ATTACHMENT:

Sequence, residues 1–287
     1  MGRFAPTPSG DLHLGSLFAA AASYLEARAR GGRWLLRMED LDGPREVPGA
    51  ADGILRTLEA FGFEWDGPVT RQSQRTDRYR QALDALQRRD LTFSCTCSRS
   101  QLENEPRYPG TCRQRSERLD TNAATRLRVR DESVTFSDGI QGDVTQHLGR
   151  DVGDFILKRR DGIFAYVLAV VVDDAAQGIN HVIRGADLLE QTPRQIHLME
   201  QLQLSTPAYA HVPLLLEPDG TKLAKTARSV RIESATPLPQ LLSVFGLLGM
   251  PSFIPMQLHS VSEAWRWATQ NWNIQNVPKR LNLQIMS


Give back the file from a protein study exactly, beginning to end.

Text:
Sequence, residues 1–287
     1  MGRFAPTPSG DLHLGSLFAA AASYLEARAR GGRWLLRMED LDGPREVPGA
    51  ADGILRTLEA FGFEWDGPVT RQSQRTDRYR QALDALQRRD LTFSCTCSRS
   101  QLENEPRYPG TCRQRSERLD TNAATRLRVR DESVTFSDGI QGDVTQHLGR
   151  DVGDFILKRR DGIFAYVLAV VVDDAAQGIN HVIRGADLLE QTPRQIHLME
   201  QLQLSTPAYA HVPLLLEPDG TKLAKTARSV RIESATPLPQ LLSVFGLLGM
   251  PSFIPMQLHS VSEAWRWATQ NWNIQNVPKR LNLQIMS